Saturday, October 20, 2012

Cara Michaels Week 17: Miss Me, -Kait Part 12

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Cara Michaels’ Picture Choice: 1

Title: Miss Me, Kait

Part Twelve: Climbing

Hannah and Chad descended from the truck and somehow got me and Riley into the backseat. Led Zeppelin’s Stairway to Heaven serenaded the push-me-pull-you process.

“One of us is going to be climbing that damn stairway if we don’t get a move on,” Riley said. She practically yanked my t-shirt over my head before we settled on the bench seat.

“Ouch, babe. Damn it.” I hissed as cotton pulled away from torn flesh. “I’ve been shot, remember?”

“And I have a broken ankle, probably a concussion, cuts, bruises, and I don’t even know what else.”

The laundry list made me pale. She folded up the shirt into a pad and held it to my shoulder.

“Keep pressure on it. It’s still bleeding.” She swore rapidly under her breath. “But you’re not dying, got it? I’ve had enough of the dead.”

I wrapped my arms around her as best I could. She shifted to hold on to me without destroying my shoulder.

“No dying,” I said. “You’re the boss.

“We need to get out of here, Chad” she said. “Before they come looking for us.”

Chad didn’t need a second warning. He turned the truck around and headed out of the woods. We burst out onto the pavement. Hannah had the truck’s CB in hand, giving updates to the police.

I touched the cut along Riley’s forehead. It would scar, no doubt. She winced, but didn’t pull away.

“How’s your vision?” I asked.

“A little wonky, but good enough to see you.”

“Where am I heading?”

It took a minute to get our position relative to my station. I gave Chad directions and he floored the pedal.

“There’s gonna be all grades of hell to pay for this mess,” I said for Riley’s ears only. “You never should have come after me.”

“Right, right,” she said. “Next time, I’ll let the APB find you.” She patted my thigh. “They didn’t, by the way. In case you missed that part.”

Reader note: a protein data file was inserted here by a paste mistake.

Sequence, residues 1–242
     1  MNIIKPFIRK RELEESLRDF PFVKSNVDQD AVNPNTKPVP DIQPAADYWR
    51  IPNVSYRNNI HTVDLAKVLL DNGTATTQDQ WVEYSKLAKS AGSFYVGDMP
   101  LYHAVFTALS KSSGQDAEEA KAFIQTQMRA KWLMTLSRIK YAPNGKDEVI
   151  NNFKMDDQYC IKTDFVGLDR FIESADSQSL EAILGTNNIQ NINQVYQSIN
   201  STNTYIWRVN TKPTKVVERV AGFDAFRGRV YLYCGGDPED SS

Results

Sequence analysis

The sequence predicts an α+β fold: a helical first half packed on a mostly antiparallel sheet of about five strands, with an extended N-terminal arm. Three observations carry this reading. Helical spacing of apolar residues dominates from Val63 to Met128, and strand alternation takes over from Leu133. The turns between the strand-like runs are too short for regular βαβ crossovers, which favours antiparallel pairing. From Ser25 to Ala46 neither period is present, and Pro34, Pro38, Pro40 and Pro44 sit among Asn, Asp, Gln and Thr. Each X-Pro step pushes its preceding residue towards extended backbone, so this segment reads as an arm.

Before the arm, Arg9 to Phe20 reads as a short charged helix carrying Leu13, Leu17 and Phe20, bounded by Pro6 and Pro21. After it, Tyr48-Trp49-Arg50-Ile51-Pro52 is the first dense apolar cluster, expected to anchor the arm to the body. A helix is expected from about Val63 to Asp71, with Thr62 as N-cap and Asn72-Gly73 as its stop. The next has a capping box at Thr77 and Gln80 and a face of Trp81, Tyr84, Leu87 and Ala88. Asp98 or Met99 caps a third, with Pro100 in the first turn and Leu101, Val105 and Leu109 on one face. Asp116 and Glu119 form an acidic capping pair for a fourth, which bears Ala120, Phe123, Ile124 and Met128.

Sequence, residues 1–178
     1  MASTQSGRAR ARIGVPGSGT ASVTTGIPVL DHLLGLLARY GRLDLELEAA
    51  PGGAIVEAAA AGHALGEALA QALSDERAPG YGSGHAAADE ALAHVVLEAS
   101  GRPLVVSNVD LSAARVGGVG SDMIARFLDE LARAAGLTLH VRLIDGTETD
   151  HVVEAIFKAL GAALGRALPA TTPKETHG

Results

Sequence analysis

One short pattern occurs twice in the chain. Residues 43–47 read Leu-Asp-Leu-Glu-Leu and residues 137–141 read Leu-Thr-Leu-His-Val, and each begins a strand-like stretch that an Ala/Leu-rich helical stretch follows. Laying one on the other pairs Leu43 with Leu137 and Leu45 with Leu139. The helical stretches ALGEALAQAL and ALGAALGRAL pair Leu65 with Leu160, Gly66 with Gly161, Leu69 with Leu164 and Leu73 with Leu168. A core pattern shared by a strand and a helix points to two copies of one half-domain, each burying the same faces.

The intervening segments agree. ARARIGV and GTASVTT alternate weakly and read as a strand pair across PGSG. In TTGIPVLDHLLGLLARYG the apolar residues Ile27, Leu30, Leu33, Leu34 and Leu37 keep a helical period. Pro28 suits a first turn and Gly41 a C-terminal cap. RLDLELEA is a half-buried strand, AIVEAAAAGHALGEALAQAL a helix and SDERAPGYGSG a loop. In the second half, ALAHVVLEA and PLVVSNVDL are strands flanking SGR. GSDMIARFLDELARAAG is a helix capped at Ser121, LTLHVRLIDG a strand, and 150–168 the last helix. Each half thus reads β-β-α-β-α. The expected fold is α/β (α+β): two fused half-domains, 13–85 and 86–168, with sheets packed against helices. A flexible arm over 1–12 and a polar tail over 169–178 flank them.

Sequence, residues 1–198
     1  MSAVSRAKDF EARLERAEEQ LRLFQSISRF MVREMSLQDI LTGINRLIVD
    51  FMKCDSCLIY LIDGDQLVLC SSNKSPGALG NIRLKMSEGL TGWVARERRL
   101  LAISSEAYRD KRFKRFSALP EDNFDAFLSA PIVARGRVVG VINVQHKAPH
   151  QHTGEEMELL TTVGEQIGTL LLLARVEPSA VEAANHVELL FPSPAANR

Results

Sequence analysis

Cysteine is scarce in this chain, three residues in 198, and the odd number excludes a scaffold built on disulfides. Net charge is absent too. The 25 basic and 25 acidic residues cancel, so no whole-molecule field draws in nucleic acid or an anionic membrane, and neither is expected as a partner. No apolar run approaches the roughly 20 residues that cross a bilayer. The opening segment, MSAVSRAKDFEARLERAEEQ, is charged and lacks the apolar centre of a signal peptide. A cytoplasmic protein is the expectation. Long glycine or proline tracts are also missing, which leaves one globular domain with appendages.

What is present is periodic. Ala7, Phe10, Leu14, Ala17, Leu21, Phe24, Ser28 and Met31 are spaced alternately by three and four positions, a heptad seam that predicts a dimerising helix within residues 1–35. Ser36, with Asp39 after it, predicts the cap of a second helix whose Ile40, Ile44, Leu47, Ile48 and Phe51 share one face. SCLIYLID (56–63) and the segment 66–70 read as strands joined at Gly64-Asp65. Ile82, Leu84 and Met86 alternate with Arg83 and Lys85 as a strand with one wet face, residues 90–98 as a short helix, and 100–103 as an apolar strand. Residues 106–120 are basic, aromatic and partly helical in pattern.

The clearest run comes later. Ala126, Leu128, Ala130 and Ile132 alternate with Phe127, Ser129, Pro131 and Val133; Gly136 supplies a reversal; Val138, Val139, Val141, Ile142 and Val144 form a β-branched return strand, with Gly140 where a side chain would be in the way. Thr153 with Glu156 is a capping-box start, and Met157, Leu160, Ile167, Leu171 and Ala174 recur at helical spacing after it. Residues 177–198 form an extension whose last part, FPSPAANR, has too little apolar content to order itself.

I exhaled a choppy breath.

“No, I caught it.”

“I’ll help you fill out the paperwork,” she said. “Promise.”

“Um, guys?” Hannah’s voice wobbled. “Is this a bad thing?”

We looked out the windshield as Chad slowed to a stop. A police blockade crossed the otherwise empty road. Not local. I recognized the dark FHP cars, spotted the officers positioned for a very one-sided firefight, and the longer barrels of rifles.

How big did this damn thing get? I mean, the senator wasn’t enough? He had to have state troopers in his pocket, too?

“Turn around,” I said. “Now. Hur—”

The windshield cracked twice. Chad and Hannah slumped in their seats. Riley made a noise halfway between a whimper and a scream, a high keening sound that set my teeth on edge.

The air left me. Riley couldn’t run. Fuck, with only two doors on the truck, we’d be dead before we pushed our way over the seats and past Hannah and Chad to get out.

“Out the back,” Riley said, no longer screaming, but calm. Numb. She took my shirt and tied it around my shoulder. “Go, Adam. It’s your only chance.”

“You said no dying. I’m not leaving you.”

“They’re coming, so don’t dick around.”

Officers walked slowly our way, guns at the ready.

“You’re the only one strong enough,” she said. Her hand cupped my cheek. “It’s all on you to make sure we’re not lost for nothing.”

“Riley, no.” Tears stung my eyes.

“I die now, okay? I know. It sucks. But you have to try, damn it.”

“I can’t just leave you here.”

“Then it’s all in vain,” she said. “Everything we’ve done and been through. All the death and pain… it’s for nothing.” She pressed the zip drive into my hand. “I love you. Always. Now go.”

I pressed my lips to hers, hard and fierce. Then I opened the back slider window and climbed my way through with Riley’s help, all the while praying the staties didn’t open fire before I got moving. I edged over the end of the truck bed, trying not to jar the vehicle. With any luck, they wouldn’t notice until too late.

I ran straight back, as fast as I could, using the truck as a shield. The more distance I got between us, the more chance they’d miss when they shot.

One hundred, two hundred paces.

I didn’t look behind me, just veered left into the thickest brush. Gunfire obliterated any other sound, but I didn’t stop. The ground gave way, and I tumbled down. Soupy mud sucked at my body, slowing me.

I had to keep moving.

Please let it be quick. I prayed as I ran. Prayed she didn’t suffer.

I prayed, and I didn’t believe in God. Or any damned stairway to Heaven.

“You’d better believe.” The shadow of her voice touched my mind.

“Oh, no. Please, no.” My eyes burned with tears I couldn’t let loose.

“We cry when we’re done,” she said.

“Okay,” I said, swiping at my eyes. “Let’s finish this.”

The zip drive tight in my hand, I followed her directions. Away from the following troopers. Toward salvation. Justice.


“I don’t care how high I have to climb to get to you, Carson,” I whispered. “I’m coming for you.”


Cara Michaels is the author of the Gaea’s Chosen sci-fi romance series and host of the #MenageMonday flash fiction challenge.



  1. This was an incredible ending, powerful. And it takes balls to do what you did with the MC (and you did it well). However, I am ever the optimistic and until I see a body on a slab in a morgue, I will still hold out hope she pulled through. Plus the set up for a sequel is nice too.

    Great job, my friend. This story has been a great ride.

  2. A fantastic end to a fantastic story. I'm sorry to see it done. That's a good sign that you've reached your readers! ;)